Coaching employees through a recession

  • By James McCusker Business 101
  • Tuesday, March 25, 2008 2:25pm

The NCAA men’s basketball tournament and its climactic Final Four offer us not only examples of team sport competition at its finest but also, for those who watch carefully, some excellent examples of how to manage when facing adversity.

There is an ebb and flow to basketball games, just as there is in business and in life itself. And one of the things that a coach has to deal with is that no matter how good your players are, no matter how well prepared, sometimes your team is behind at half-time and you have to figure out a way to scramble back.

The situation of falling behind and being threatened by the possibility of losing has some direct parallels to managing a business through a recession.

And since basketball teams use the half-time break to improve their play — often enough to come from behind and win — we ought to look at what good coaches do during that time to turn things around.

When we think of coaches’ half-time speeches, we tend to emphasize the motivational content, the “Win one for the Gipper” rhetoric that gets the team fired up. But while that can be an important part, it is actually only one of three elements in a good half-time speech, or in a good recession management plan.

The three key elements are these: tactics, priorities and motivation.

What often seems to work well is to present something tactical and tangible first.

In basketball, for example, that might mean showing how you want the shooting guard to draw out the defender a step or two so that your forward can have a clear path to the center defending the basket — forcing him to foul or accept a score.

In the workplace, it might mean showing how to pull together with cross-training so that the firm can reduce overtime and temporary worker costs. Or it might mean shifting suppliers, or delivery schedules, to lower the price structure.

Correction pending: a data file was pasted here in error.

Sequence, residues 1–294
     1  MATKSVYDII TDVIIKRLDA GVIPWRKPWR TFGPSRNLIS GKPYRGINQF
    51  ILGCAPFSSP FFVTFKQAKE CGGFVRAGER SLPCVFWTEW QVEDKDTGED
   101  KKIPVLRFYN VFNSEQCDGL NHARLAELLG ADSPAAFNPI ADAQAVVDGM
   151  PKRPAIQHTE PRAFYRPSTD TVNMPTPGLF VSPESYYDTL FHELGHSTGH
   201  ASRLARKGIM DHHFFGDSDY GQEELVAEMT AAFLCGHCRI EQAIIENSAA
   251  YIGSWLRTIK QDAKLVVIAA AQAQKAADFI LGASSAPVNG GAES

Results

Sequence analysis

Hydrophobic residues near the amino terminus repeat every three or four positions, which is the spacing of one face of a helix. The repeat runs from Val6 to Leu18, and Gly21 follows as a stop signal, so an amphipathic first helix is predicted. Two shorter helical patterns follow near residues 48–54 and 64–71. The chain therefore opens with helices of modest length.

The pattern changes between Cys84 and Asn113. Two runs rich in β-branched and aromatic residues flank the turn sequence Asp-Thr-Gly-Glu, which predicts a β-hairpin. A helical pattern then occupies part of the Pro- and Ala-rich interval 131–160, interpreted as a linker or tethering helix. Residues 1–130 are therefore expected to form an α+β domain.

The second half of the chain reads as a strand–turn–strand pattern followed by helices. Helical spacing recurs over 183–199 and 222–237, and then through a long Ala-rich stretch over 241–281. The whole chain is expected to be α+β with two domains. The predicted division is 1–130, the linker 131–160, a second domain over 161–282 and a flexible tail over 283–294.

Similar parallels exist for the priorities element. The goal in this element is to get the team, basketball or workplace, to focus on its strengths and contain its weaknesses.

For a basketball team facing a point deficit, this might mean reminding them to stop worrying about their missed shots; they can win if they do two simple things: eliminate turnovers and make their foul shots. Focus on not making costly mistakes, and the shot-making accuracy will take care of itself.

In the workplace, it might mean reminding the team of the fundamental math of business: reducing costs by a dollar is the equivalent of increasing sales by five, 10 or even more dollars, depending on your margin.

This is a particularly salient point when facing an economic slowdown, because sales increases are hard to come by.

By focusing on cost containment — like mistake containment in basketball — the business not only sustains itself but also puts itself in a more competitive position.

Our current economic slowdown is accompanied by substantially higher materials costs. Cost containment in a “recession plus inflation” period like this means that a business can maintain, or even lower, its prices while its competitors are raising theirs — and regain its sales momentum.

The motivation element is a world unto itself and requires some judgment. There are some coaches and some managers who are really good at motivational speeches. Most of us, though, are not. And if we launch into our best karaoke-night imitation of Knute Rockne, Henry V or Vince Lombardi, we are simply going to look foolish.

In a basketball half-time speech there is often a lot of yelling. Sometimes, though, the motivational element is understated and is really a matter of instilling confidence.

Confidence is contagious, and coaches often start — and sometimes end — by expressing their own confidence in the team. “I know that you guys can win this game. You are a better team than they are; you just have to play like it.”

Also, because confidence is contagious, coaches, like managers, often can change a team’s attitude by addressing an individual — say a star forward who has been stone cold and has not made a single basket in 11 tries during the first half.

As the team is just about to break to return to the floor, the coach will say, “And Smith, if you get the open shot, take it.” Sometimes he might add, to another player, “And that goes for you, too, Carlos.”

There are limits to sports analogies, of course. But when a business faces that first drop in sales, it is easy for the entire team to get that bedraggled, “‘whupped’ in the first half” look and attitude. Good coaches know how to turn that around. Good managers can do it, too.

James McCusker, a Bothell economist, educator and small-business consultant, writes “Your Business” in The Herald each Sunday. He can be reached by sending e-mail to

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